Can you believe it? We're halfway through Project Food Blog, and I'm still standing. There aren't enough adjectives in the world to describe how amazed and excited and overjoyed I am to have made it to this point in the competition, especially since I'm in the company of 71 other fantastically talented bloggers.
Which brings us to Challenge #5, in which we remaining bloggers have been tasked to create their own unique spin on pizza. For the purposes of this challenge, anything goes, so long as the final product consists of a solid base topped with sauce and at least one topping.
Even though the challenge left a lot of room for interpretation, I decided not to stray too far afield for my entry. I'm a sucker for a proper old school pizza pie with a thin crispy crust baked in a wood-fired oven, so why not pay faithful homage to the classic rather than aiming for a complete re-boot of the franchise? More importantly, though, I wanted this pizza to be a reflection of the kind of food I love to eat and love to blog about... simple, homey, un-fussy, delicious food made from fresh seasonal ingredients.
So, with that in mind, I set out to an unabashedly fall-flavoured sort of pizza using a mix of un-traditional ingredients with traditional methods.
I first started with my toppings, beginning with two ingredients that I think embody the essence of October in Ontario: roasted pumpkin and fresh sage. I also switched out the traditional tomato sauce for a slow-roasted garlic paste to accentuate the sweetness of the pumpkin, and chose a smoked mozzarella to mimic the subtle smokiness of a wood-fired oven. Then, once the pizza came out of the oven, I topped the whole thing off with a handful of fresh peppery arugula to provide some much-needed contrast to all the rich flavours beneath.
Oh, and did I mention that I just happened to have a container of shredded smoked duck left over from our Thanksgiving feast? A little sprinkling of duck certainly couldn't hurt, so onto the pizzas it went.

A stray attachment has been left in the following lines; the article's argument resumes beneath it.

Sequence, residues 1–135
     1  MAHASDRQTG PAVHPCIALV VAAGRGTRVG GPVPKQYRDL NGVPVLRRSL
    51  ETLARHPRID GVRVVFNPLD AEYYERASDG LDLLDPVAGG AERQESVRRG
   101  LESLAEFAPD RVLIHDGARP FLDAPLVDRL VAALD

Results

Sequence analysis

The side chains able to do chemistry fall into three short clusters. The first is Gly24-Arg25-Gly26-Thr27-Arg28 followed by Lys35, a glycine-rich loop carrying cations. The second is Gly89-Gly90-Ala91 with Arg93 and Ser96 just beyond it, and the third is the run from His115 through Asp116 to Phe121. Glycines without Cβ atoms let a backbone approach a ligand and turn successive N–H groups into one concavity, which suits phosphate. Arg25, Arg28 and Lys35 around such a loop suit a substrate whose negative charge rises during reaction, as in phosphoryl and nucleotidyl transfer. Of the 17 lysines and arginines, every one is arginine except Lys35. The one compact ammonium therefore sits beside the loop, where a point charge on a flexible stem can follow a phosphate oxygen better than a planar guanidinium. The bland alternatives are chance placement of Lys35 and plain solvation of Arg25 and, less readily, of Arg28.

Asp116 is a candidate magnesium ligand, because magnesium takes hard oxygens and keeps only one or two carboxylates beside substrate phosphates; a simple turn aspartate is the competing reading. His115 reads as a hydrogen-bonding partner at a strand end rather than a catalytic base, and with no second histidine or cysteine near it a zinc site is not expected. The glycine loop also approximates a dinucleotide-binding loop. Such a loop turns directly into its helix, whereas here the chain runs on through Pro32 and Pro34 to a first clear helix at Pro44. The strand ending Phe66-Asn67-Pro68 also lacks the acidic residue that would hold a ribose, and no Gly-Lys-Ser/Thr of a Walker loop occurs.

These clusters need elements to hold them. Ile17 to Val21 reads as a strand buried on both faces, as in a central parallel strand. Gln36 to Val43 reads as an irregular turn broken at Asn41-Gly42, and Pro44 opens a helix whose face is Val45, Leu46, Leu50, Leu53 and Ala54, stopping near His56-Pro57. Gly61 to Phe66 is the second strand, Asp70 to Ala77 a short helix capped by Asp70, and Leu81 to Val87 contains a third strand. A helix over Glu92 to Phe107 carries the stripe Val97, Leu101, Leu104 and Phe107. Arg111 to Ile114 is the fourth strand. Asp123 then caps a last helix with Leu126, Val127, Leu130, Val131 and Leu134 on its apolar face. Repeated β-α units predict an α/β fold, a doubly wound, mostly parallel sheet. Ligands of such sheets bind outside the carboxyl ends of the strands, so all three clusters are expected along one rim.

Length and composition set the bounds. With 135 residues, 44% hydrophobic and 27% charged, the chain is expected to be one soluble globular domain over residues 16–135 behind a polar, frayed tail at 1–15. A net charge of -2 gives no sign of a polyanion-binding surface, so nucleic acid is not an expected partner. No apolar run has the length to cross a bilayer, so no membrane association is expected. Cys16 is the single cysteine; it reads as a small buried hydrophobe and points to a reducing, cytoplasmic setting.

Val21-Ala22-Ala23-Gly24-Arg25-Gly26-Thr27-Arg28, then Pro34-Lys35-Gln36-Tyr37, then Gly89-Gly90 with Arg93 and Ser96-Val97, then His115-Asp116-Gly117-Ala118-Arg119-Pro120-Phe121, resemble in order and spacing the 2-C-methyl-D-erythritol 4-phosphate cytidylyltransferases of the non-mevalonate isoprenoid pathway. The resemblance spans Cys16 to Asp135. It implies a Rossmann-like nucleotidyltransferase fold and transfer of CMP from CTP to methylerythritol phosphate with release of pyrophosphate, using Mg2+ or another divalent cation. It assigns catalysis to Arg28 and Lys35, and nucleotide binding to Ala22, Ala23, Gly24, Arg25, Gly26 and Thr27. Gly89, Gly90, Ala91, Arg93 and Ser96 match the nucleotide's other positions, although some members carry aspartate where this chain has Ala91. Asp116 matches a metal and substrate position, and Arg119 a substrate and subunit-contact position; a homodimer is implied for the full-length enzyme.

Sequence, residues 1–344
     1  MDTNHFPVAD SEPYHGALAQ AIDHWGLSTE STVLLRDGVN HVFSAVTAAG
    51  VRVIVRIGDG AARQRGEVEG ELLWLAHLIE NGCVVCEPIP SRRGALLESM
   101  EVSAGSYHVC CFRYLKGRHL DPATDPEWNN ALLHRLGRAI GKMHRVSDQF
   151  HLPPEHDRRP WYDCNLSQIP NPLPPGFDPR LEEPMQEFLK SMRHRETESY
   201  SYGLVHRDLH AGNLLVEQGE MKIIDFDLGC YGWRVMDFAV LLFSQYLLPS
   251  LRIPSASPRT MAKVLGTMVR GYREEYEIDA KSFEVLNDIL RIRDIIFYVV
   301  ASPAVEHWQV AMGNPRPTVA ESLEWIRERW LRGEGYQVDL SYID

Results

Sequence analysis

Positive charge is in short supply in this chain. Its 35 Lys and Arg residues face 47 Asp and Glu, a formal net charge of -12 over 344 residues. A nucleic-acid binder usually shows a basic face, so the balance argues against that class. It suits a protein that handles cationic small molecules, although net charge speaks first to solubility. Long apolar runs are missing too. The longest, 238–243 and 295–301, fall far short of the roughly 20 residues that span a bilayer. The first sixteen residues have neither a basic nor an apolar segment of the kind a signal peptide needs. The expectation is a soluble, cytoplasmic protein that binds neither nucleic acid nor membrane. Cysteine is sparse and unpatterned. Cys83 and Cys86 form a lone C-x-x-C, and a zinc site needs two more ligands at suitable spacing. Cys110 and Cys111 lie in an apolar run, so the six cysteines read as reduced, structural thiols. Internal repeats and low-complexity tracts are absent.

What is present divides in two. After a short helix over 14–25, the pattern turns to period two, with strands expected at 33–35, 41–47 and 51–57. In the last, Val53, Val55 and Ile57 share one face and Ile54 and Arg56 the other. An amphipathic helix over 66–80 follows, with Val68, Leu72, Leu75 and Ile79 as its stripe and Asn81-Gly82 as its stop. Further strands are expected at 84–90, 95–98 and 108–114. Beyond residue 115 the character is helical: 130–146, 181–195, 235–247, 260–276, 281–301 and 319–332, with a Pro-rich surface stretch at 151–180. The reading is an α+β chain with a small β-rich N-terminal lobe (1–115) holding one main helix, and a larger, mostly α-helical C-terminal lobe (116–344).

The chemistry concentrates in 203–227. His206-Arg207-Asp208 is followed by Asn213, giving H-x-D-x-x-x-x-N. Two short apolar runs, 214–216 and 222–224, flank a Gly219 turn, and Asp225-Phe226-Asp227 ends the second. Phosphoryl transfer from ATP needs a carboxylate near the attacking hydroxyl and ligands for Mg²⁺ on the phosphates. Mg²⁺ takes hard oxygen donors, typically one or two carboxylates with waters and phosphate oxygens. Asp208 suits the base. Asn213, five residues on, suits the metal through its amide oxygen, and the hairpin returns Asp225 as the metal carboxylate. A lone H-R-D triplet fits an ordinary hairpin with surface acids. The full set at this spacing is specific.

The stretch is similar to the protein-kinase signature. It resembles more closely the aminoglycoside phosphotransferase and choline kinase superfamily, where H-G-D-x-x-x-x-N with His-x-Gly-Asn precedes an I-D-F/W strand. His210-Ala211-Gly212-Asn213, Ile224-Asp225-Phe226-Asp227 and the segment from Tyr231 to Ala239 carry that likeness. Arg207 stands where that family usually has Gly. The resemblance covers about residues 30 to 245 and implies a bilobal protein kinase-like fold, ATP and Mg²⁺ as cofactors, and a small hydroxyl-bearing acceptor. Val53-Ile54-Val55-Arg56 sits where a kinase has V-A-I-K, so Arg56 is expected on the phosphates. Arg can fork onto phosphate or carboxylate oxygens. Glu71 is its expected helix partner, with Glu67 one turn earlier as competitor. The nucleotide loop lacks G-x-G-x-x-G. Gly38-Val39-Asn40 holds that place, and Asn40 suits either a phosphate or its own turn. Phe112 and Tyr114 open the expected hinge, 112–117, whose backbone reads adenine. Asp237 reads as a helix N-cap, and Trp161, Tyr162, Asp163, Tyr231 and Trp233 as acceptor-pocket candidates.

(Obviously, I don't expect everyone to have leftover smoked duck kicking around in their fridge, but some chopped BBQ duck would be a dandy substitute if you've got a Chinese market nearby. Otherwise, smoked turkey or even plain ol' leftover turkey would do just fine.)
Once I'd settled on toppings, the next step was to decide on the most important element of a good pizza... the crust. For this recipe, I've shamelessly borrowed from the patron saint of simple cooking, Mark Bittman, and adapted his recipe for a quick homemade pizza dough from How to Cook Everything. This lovely dough rolls out into the thin crispy crust that I adore, which in this case has been enhanced with flecks of finely chopped sage to go along with the toppings. Sure, you can buy pre-made pizza dough at the store, but homemade dough comes together in a few minutes and is ready to use after an hour or so of rising time. Besides, kneading dough by hand is a great de-stressing exercise after a frustrating day. :)
That said, even the most perfect dough recipe still needs a little help to achieve the perfect baked crust, which is where a baking stone comes in. Combined with a blazingly hot oven, a baking stone is what guarantees a beautifully crisp, slightly chewy crust instead of a limp and soggy one. If you don't have a baking stone, I highly recommend going out and buying one... they're not all that expensive, and make a world of difference.